In recent years, China has emerged as a source for ground-breaking technological advancements and disruptive business models. The country’s rise as a global economic powerhouse is fuelled by its unparalleled commitment to innovation at a scale and speed that is unmatched by any other nation. China’s ability to swiftly adopt and deploy new technologies is instrumental in its quest for global innovation leadership. In this article we describe the characteristics of this innovation landscape and how Belgian companies can play a role in this ambitious technological battle.
The six characteristics of China’s innovation landscape
First, China has a tradition of ‘leapfrogging’. In the Western world we are used to step-by-step developments. For example, it took 3 decades to develop from a period with only fixed phones and no computers to today’s era, where everybody owns a laptop and a smartphone. The same happened with banking and payment systems and many other technological developments. In China these developments only took a very short period. China’s dedication to technological progress has allowed it to leapfrog ahead in various fields. The country has made significant steps in areas such as artificial intelligence (AI), 5G technology, robotics, biotechnology, and quantum computing.
Secondly, Chinese technology companies face less regulatory burdens, creating abundant opportunities for the introduction of new apps and disruptive business models. In Western countries it takes much longer before anything changes, or before governments or consumers allow changes to happen and new technologies to be launched.
Thirdly, consumers in China embrace technology much faster than their counterparts in other parts of the world. Chinese consumers accept that certain technologies don’t function perfectly at the start and give preference to increased convenience. Public transportation, car hailing, online shopping and payments, all is done by the touch of a button. Similar disruptive changes would create major upsets and even protests in the Western world. Western people don’t like change and prefer to stay in their comfort zone.
Fourth, China’s government plays a vital role in fostering a conducive environment for innovation. The Chinese authorities have developed comprehensive national strategies, such as “Made in China 2025” and “Internet Plus”, which aim to promote advanced manufacturing, digital transformation, and entrepreneurship. Innovation hubs, such as the Zhongguancun Science Park in Beijing and the Shanghai Zhangjiang Hi-Tech Park, attract talent and foster collaboration between academia, research institutions and industries. These initiatives encourage rapid knowledge transfer and the commercialization of ideas on an unparalleled scale.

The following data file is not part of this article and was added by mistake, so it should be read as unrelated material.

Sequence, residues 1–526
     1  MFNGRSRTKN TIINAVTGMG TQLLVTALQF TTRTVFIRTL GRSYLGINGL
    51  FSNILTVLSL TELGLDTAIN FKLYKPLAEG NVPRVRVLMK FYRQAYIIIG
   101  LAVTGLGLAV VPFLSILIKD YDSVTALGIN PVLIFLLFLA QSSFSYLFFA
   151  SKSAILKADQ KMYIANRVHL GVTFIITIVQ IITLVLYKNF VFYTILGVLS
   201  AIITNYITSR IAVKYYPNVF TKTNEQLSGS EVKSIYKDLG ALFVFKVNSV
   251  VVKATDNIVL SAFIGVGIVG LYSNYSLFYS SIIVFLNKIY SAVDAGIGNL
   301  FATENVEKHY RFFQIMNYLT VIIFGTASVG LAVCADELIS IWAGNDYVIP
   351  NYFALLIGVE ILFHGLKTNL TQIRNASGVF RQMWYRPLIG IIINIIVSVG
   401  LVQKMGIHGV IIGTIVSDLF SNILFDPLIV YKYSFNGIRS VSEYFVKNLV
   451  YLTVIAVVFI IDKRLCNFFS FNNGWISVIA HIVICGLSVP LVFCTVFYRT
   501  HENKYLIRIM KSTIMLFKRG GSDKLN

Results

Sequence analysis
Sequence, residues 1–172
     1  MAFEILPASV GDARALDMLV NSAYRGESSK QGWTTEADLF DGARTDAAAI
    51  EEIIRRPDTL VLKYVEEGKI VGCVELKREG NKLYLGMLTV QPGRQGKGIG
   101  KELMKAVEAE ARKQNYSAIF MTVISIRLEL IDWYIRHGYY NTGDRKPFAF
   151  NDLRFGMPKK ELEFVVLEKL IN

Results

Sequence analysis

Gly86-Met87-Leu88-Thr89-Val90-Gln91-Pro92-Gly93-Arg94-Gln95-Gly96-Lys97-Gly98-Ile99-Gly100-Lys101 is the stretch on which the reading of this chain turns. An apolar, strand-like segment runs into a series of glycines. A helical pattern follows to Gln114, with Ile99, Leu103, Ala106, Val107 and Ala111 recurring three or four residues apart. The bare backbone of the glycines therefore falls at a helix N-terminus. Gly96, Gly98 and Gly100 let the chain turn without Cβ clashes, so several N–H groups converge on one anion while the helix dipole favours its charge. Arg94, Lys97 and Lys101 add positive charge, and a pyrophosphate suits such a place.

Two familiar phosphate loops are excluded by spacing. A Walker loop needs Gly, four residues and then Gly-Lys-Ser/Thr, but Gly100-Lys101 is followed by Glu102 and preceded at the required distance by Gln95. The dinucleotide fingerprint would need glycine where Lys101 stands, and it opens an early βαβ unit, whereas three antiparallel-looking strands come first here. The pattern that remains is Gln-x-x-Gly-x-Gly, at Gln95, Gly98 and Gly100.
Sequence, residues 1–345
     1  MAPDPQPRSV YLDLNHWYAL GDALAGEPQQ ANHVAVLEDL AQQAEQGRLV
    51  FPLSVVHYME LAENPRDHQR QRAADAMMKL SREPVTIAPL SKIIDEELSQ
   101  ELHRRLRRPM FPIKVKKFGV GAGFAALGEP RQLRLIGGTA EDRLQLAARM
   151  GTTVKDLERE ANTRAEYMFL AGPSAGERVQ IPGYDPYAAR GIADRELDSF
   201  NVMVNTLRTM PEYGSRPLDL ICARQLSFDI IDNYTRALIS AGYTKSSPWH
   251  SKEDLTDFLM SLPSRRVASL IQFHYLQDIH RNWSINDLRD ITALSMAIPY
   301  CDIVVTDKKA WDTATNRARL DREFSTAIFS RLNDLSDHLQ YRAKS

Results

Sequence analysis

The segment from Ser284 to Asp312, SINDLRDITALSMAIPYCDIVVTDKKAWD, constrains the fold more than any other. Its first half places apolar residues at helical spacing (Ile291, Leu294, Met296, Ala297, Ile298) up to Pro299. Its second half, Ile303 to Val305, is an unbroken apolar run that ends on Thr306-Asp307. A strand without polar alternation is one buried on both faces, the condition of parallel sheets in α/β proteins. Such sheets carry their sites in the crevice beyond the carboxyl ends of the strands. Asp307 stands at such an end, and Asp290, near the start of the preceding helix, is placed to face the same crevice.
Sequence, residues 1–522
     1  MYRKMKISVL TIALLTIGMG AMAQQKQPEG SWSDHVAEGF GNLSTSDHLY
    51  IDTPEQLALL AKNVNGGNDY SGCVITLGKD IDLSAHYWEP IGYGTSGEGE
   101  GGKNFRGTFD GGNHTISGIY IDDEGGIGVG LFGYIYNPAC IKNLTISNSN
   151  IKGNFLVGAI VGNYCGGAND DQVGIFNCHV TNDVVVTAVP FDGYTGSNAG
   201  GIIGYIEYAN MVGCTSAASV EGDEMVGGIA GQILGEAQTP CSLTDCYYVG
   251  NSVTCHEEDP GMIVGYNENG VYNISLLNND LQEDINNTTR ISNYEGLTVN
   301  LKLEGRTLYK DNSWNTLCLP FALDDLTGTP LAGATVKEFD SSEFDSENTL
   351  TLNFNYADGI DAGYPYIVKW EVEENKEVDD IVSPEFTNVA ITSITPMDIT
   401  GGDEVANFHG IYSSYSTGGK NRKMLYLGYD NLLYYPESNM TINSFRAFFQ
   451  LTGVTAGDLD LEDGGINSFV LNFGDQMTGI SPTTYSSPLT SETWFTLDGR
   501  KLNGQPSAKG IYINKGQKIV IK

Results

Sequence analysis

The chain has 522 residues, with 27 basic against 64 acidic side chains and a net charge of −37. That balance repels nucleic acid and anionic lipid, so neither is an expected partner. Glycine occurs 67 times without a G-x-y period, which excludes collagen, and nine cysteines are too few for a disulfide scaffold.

Fifth, one may question whether indeed China is running ahead or out-innovating Western advanced industrial countries. But what is true in any case is that the gap is closing in almost every area, and that China has significant advantages on the deployment side. Due to China’s vast market size and the dynamic consumer base, new technologies can be commercialized much sooner and at a bigger scale than in Western countries. This competitive advantage could make the difference between success or failure of the technology on a global level.
Finally, China’s ‘copycat’ reputation is rapidly evolving into a culture of innovation. Startups and established companies alike are increasingly focusing on fundamental research and development, pushing the boundaries of what is possible. Chinese entrepreneurs are no longer content with replicating successful Western models; they are creating unique solutions tailored to the needs of Chinese consumers and expanding their global reach.
To conclude: China’s focus on speed and scale has revolutionized its approach to innovation, catapulting the country to the forefront of global technological advancements. Through strategic planning, government support, entrepreneurial spirit, and collaborative ecosystems, China has created an environment where ground-breaking ideas can flourish.
Belgian technology companies should be aware of these specific characteristics of the Chinese innovation ecosystem. Instead of perceiving China’s technological development as a threat, Belgian companies should proactively look for partners and collaborative systems of co-development and co-commercialization. Engaging with Chinese technology companies in an intelligent manner can not only offer opportunities for Belgian technology companies in China, but also in the rest of the world.
Please contact the Belgian-Chinese Chamber of Commerce (BCECC) in case you need more information.